|Publication Type:||Journal Article|
|Year of Publication:||2014|
|Authors:||M. E. de Jong, Fokkema, R. W., Ubels, R., van der Velde, M., Tinbergen, J. M.|
|Journal:||Journal of Avian Biology|
Allocation of resources between the life history traits reproduction and parasite defence are expected because both are energetically costly. Experimental evidence for such allocation has been found in short-term effects of reproduction on parasite prevalence or immune function. However, there is increasing evidence for long-term negative effects of reproductive effort on individuals. This study investigates whether long-term effects of reproductive effort on parasite prevalence exist. Brood sizes of great tits Parus major were experimentally altered in one breeding season and in the subsequent breeding season the prevalence of three parasites types (blood parasites, ticks and fleas) on the surviving parents were investigated. We detected no long-term effects of brood size manipulation on the prevalence of parasites in the next year and therefore provide no evidence for inter-seasonal effects of reproductive effort on parasite prevalence. The post hoc level of statistical power was reasonable for effects on blood parasite and flea prevalence, but low for effects on tick prevalence.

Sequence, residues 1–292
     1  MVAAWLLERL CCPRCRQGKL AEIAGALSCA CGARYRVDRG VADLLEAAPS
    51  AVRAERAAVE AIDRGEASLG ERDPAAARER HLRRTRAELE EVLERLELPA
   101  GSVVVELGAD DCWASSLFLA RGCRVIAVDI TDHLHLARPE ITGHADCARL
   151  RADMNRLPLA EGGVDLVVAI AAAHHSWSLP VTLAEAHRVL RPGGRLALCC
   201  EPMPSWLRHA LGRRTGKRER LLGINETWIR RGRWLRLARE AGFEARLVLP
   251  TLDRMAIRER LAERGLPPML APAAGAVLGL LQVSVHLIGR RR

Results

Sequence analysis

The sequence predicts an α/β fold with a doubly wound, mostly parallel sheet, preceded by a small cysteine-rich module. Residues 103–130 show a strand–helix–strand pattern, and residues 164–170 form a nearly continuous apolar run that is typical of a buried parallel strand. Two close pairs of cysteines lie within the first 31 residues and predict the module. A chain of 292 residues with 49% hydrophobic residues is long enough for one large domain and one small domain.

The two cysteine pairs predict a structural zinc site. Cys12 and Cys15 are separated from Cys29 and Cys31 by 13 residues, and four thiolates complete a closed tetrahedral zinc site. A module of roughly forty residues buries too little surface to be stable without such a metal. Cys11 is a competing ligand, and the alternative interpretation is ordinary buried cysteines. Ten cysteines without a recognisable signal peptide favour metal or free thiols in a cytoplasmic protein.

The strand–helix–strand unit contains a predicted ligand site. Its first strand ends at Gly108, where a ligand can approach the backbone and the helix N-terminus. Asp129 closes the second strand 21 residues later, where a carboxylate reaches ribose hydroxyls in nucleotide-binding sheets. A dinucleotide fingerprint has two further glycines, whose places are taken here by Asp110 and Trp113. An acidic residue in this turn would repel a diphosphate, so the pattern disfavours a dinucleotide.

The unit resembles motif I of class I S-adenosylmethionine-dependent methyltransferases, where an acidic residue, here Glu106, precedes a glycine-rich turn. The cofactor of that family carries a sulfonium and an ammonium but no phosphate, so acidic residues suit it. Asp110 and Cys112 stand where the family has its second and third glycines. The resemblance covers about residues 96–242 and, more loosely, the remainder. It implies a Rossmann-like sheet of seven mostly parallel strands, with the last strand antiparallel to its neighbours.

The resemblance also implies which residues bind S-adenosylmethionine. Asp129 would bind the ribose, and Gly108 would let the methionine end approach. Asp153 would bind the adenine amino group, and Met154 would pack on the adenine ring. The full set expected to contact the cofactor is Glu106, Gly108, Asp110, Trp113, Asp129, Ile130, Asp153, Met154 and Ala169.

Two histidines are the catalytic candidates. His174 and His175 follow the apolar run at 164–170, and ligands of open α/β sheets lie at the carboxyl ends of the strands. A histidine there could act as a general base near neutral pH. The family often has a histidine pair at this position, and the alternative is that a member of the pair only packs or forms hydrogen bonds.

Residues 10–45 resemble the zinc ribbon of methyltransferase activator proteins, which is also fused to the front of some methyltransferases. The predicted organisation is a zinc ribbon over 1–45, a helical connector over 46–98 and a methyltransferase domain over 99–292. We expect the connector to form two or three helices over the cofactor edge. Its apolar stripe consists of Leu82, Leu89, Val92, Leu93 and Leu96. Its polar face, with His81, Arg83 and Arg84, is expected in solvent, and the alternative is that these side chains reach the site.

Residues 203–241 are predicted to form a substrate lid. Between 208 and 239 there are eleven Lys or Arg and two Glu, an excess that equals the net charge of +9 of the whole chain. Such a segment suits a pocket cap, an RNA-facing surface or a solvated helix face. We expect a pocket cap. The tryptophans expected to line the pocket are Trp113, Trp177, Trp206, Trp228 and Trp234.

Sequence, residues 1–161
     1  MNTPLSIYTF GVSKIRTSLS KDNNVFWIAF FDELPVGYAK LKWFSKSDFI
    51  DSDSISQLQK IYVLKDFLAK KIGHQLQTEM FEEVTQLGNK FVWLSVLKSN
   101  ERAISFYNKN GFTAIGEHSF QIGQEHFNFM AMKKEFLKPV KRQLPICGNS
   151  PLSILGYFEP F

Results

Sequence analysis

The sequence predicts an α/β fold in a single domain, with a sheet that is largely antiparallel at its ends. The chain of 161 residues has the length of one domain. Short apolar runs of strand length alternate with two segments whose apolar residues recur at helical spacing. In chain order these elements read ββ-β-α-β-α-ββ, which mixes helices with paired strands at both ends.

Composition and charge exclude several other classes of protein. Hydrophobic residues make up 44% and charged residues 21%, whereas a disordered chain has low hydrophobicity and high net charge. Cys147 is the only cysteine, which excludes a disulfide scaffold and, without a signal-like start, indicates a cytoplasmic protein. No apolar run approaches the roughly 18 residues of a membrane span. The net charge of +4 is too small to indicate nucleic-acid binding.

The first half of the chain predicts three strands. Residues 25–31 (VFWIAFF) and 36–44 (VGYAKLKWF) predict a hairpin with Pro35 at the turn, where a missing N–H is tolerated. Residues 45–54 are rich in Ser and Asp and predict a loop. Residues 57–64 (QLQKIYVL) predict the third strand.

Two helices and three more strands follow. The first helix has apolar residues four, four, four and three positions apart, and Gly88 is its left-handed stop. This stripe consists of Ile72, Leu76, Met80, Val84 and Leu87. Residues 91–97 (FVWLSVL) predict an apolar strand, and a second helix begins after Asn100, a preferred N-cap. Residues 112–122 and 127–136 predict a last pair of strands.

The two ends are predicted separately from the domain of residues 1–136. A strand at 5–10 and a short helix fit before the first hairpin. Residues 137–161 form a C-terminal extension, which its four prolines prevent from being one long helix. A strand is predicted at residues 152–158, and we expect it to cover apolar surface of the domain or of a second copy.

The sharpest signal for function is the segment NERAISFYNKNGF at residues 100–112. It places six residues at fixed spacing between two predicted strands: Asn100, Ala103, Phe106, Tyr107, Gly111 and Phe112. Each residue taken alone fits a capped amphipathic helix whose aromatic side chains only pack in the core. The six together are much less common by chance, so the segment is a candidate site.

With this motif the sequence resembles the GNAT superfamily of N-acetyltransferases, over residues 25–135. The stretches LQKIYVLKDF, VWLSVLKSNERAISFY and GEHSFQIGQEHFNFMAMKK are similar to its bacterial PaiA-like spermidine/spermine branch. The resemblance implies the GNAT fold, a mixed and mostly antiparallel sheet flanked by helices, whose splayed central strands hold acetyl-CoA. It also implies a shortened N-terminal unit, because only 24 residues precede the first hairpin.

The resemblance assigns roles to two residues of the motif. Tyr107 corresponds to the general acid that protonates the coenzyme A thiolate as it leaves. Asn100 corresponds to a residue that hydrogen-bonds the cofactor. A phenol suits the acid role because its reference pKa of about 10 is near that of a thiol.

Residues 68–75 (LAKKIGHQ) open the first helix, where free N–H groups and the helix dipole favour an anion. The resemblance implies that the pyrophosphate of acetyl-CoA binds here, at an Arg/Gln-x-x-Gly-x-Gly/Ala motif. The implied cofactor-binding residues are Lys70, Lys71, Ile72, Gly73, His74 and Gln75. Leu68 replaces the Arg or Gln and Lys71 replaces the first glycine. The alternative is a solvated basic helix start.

No evidence for long-term effects of reproductive effort on parasite prevalence in great titsParus major